When the government seized Freddie and Fannie five years ago, was shareholder value impaired when the government instituted a “dividend sweep”? According to the latest lawsuit it was: http://www.reuters.com/article/2013/07/08/us-usa-fanniefreddie-lawsuit-idUSBRE96700Y20130708. In an interesting twist, the lawsuit doesn’t seek damages, but does seek to force Treasury and FHFA to abide by the original terms.
Yes, it is nearly impossible to keep track of all the lawsuits out there. Two insurance industry trade groups, the American Insurance Association and the National Association of Mutual Insurance Companies, whose members sell homeowners insurance, have filed suit against the Department of Housing and Urban Development (HUD) challenging HUD’s final rule formalizing its use of disparate impact liability under the Fair Housing Act (FHA). HUD’s rule, adopted in February 2013, provides that if a practice has a discriminatory effect HUD or a private plaintiff can establish liability under FHA even if there is no discriminatory intent. The Consumer Financial Protection Bureau (CFPB) has also been using disparate impact tests in fair lending examinations and investigations and the suit could impact its authority as well. Ballard Spahr published an analysis of the new law suit on its blog. Alan S. Kaplinsky, said that the lawsuit, filed on June 26 in federal court, alleges that the HUD rule is contrary to law for two reasons: (1) based on the FHA’s plain language, it only prohibits intentional discrimination, and (2) the plaintiffs allege that the HUD rule cannot apply to insurance companies because it is contrary to the federal McCarran-Ferguson Act which forbids federal laws which invalidate, impair, or supersede state insurance laws unless the federal law specifically relates to insurance. While this specific suit involves the insurance industry, it has no doubt very big ramifications for the mortgage industry as well.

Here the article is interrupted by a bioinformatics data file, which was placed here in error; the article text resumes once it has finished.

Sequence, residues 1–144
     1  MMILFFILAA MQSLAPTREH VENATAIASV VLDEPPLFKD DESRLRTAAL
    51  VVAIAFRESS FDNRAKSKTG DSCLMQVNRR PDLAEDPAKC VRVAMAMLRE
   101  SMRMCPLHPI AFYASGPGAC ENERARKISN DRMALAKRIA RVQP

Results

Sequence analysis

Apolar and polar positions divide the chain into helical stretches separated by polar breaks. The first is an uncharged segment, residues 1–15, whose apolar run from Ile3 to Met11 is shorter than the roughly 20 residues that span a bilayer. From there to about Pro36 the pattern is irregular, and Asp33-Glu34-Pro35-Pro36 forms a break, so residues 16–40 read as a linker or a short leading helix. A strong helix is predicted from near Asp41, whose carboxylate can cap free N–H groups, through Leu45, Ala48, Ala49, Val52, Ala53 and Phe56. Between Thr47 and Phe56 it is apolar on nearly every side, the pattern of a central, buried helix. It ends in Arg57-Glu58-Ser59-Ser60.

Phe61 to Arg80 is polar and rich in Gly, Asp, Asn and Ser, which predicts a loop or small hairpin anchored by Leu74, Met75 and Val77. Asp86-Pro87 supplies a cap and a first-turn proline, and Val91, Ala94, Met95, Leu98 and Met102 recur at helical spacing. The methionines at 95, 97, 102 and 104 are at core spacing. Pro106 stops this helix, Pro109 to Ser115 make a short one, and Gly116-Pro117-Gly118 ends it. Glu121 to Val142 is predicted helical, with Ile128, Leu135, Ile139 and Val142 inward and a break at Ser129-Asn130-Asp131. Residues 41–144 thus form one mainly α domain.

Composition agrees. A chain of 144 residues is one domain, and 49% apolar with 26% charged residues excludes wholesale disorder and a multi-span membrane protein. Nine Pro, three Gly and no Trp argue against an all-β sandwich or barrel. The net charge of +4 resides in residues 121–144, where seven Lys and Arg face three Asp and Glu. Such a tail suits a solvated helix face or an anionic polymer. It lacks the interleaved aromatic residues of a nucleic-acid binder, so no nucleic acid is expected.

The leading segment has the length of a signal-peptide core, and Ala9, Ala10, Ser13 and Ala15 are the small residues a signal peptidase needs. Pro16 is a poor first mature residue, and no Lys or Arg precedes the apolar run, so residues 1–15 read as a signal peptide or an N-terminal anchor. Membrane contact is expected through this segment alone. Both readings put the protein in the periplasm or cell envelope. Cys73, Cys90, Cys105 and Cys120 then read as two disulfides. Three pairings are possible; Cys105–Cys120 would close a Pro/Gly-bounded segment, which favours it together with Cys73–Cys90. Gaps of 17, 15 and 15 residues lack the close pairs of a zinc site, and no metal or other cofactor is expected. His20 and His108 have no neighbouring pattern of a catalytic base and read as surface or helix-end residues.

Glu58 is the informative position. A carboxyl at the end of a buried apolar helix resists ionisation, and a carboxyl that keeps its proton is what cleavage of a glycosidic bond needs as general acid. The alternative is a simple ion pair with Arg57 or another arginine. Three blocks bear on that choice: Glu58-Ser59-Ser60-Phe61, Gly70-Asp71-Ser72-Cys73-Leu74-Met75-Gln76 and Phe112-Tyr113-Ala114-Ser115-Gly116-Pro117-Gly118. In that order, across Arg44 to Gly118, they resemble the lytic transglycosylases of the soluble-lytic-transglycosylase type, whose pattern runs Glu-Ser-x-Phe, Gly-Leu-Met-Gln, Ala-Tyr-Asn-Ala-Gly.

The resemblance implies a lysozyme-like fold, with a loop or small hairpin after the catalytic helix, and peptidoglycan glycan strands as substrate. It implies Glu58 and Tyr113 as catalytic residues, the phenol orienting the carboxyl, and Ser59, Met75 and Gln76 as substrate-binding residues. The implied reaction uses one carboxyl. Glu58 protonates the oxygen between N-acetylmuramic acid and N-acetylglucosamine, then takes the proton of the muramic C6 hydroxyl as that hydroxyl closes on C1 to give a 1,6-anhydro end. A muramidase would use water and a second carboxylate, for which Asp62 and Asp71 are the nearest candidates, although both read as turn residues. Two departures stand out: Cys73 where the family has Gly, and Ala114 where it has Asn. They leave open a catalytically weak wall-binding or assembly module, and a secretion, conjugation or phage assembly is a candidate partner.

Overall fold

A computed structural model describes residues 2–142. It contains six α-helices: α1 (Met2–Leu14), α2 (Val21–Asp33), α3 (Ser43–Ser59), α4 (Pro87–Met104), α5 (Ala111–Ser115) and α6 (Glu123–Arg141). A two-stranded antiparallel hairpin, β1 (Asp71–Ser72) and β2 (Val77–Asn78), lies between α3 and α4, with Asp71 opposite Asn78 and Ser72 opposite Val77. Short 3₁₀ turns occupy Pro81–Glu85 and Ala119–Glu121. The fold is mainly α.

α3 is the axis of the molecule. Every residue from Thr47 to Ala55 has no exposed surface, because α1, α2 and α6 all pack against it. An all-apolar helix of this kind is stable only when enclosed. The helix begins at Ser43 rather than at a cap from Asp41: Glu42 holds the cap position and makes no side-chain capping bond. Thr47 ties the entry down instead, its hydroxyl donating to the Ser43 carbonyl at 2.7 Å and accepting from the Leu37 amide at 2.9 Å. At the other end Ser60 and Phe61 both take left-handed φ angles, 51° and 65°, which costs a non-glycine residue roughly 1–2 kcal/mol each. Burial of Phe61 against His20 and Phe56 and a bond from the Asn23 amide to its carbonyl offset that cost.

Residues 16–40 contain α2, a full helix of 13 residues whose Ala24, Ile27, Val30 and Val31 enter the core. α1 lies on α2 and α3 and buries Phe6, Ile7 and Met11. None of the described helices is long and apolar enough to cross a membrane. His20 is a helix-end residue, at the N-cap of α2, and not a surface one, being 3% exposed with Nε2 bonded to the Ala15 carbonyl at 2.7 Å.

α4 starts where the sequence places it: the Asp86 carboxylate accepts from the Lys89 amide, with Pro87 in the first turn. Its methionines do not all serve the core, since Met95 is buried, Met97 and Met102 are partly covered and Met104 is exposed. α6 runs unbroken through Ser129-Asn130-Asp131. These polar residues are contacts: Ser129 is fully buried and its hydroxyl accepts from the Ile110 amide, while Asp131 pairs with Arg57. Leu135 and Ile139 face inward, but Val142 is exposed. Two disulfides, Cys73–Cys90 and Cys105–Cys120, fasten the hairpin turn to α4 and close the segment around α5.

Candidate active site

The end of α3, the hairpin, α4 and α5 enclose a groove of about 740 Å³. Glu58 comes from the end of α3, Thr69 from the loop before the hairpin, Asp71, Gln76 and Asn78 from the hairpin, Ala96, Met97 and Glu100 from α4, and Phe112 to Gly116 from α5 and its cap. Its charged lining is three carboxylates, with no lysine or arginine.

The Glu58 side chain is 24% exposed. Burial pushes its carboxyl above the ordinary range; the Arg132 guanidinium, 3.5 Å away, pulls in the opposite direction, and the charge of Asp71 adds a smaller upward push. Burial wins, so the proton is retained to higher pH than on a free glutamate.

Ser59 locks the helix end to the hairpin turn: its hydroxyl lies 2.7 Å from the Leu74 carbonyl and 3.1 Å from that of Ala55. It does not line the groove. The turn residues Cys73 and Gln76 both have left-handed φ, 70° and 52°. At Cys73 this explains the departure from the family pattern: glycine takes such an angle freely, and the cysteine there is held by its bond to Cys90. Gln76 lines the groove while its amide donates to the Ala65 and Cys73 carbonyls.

With the run up in rates, lock desks are once again fielding questions about long term locks (6 months or a year) from borrowers and LOs spooked by the market. Remember when Wells Fargo Home Mortgage’s wholesale clients (brokers) were notified that Wells’ policy, when it had a wholesale department, “prohibits a borrower from paying extended lock fees”? “Wells Fargo Home Mortgage policy prohibits the borrower from paying extended lock fees (for locks 90 to 360 days in length). This does not impact rate extensions that can be paid by the borrower. Since extended rate locks are not a borrower fee related to the loan transaction, charges for this service will not be disclosed on the GFE or on the HUD-1.” Of course secondary market prices are traditionally poor when locks go out that far.